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Piggybacking the Gurus Intelligently

February 15, 2013 | About:
Institutional investment managers with investment discretion over $100 million or more in equity securities must report their holdings (long-only) on Form 13Fs with the SEC within 45 days of the end of a calendar quarter. This has given rise to the strategy of piggybacking the Gurus. However, like every other investment strategy, it is not the strategy per se that determines your investment success, but more importantly how well you understand and execute the strategy.

I will like to highlight a few points here for guru followers to consider when they implement their piggybacking strategy.

Time is of the essence in any investment strategy, and 45 days seem like an eternity to some. By the time the gurus disclose their holdings, the stock prices and investment considerations for the companies they bought may have changed considerably. In a worst case scenario, the guru may be reducing his position in the stock at the exact same time when you are buying, after he acknowledged a mistake with his earlier investment thesis. Investors should look at the share price change of the company over the past three to six months to see if the stock price has factored in the guru's endorsement and other positive factors.

The next thing is to look at the entire holding history of the guru in the particular stock. It is easy to get excited to see the share price of the company staying at the same levels as what the guru bought at in the last quarter. However, it could be the case that the guru has started buying into the stock a year or two ago, with the bulk of his position bought at much lower prices at an earlier time. You should feel more comfortable buying a stock at a price that is close to the average purchase price of the guru, so that both of you are on the same footing. It is also important to note if the guru averaged down on his position when the stock price fell, which is a sign that the guru shows conviction in this particular stock.

While there is absolutely nothing wrong in having a diversified portfolio if that is part of your investment strategy, a guru with a concentrated stock portfolio has more skin in the game with any single position. You should calculate the percentage that the particular stock you are interested in makes up as a total of the guru's entire portfolio.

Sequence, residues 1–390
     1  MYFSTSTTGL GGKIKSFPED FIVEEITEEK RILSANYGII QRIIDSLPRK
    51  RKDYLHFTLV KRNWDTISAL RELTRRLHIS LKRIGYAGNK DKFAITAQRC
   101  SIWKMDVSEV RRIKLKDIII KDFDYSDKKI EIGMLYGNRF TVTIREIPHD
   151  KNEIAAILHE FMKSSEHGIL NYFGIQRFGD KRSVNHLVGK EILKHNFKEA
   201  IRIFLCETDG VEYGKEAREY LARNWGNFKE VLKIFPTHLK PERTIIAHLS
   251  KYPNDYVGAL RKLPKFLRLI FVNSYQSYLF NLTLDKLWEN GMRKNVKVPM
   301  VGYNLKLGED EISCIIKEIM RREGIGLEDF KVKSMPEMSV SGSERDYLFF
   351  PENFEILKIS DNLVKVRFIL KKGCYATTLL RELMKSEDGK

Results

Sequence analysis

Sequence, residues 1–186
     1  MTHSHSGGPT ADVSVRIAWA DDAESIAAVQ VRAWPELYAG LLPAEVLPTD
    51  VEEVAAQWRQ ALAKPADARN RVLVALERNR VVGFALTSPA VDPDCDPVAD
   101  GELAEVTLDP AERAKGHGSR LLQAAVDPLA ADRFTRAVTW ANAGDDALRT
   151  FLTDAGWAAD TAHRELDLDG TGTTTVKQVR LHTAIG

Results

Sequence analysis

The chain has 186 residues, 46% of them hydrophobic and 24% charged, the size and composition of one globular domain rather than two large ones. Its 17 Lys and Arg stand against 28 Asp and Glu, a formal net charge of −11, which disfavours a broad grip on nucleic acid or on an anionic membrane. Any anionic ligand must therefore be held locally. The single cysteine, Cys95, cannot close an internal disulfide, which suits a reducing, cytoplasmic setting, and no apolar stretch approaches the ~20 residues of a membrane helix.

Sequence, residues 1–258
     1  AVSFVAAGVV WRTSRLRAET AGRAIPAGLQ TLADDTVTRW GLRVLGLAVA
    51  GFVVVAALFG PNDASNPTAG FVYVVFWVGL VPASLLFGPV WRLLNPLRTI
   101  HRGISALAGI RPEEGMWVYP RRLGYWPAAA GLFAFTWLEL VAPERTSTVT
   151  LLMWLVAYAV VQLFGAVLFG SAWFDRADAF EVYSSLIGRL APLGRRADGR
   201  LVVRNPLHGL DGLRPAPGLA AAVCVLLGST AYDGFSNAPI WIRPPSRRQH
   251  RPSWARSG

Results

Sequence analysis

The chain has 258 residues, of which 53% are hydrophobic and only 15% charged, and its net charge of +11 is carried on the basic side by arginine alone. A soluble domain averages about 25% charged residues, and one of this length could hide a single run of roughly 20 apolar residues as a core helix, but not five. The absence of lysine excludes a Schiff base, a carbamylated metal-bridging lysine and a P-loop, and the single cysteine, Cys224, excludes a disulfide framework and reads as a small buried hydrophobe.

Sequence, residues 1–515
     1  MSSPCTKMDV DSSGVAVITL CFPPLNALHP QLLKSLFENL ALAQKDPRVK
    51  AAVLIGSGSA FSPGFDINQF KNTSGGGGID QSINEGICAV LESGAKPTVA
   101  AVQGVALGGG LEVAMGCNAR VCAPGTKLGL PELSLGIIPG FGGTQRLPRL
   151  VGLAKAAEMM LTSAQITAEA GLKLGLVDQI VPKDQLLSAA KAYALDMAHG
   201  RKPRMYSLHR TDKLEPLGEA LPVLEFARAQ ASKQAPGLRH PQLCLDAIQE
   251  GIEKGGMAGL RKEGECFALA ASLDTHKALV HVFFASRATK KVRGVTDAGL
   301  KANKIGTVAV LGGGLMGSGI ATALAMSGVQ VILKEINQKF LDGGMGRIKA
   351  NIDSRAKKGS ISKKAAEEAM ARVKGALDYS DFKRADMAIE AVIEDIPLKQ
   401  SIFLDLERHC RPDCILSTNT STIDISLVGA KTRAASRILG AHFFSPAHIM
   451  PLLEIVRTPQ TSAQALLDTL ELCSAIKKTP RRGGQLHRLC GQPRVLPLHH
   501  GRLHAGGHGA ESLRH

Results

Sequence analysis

Also, it is one thing to get the answer right, but another thing to get the reasoning right. This reminds of my mathematics test, where you only get full marks if you get both the answer and working right. Read the guru's newsletter for his investment thesis on the stocks that he is buying. If both of you are interested in the same stock for totally different reasons, the case for owning the stock may be weaker unless you have full confidence in your analysis.

Investment philosophy matters as well. If you see a stock with value stock gurus reducing their positions and growth stock gurus adding to their positions, coupled with a strong share price surge, a value investor may consider locking in gains. Activist investors also have a bigger (potential) impact than passive investors on stocks. Activist investors closing their positions after a long prolonged holding period may indicate that they are giving up the battle with unfriendly management.

Multiple guru buying acts as a strong buy indicator, if the gurus have similar investment philosophies. For example, quant funds and value investors getting into the same stock does not add cumulative value. Insider activity needs to be assessed as well. In certain cases, the guru may be the "dumb money," with the "smart money" insiders cashing out after gurus have come in. Strong insider buying, coupled with guru investors with a long term investment horizon, augurs well for the future of the stock.

Filings could work well for investors either in the generation of investment ideas, or the validation of their existing investment thesis of a stock they are interested in, if they pay attention to some of the above-mentioned factors.

About the author:

Mark Lin
Mark is a private value investor and runs the Cheapskate Investing website which borrows from the wisdom of value investing giants, using a systematic quantitative screening approach to filter the global stock markets for cheap deep-value cigar-butts and wide-moat compounders. He is also a regular contributor to various value investing communities.

Visit Mark Lin's Website


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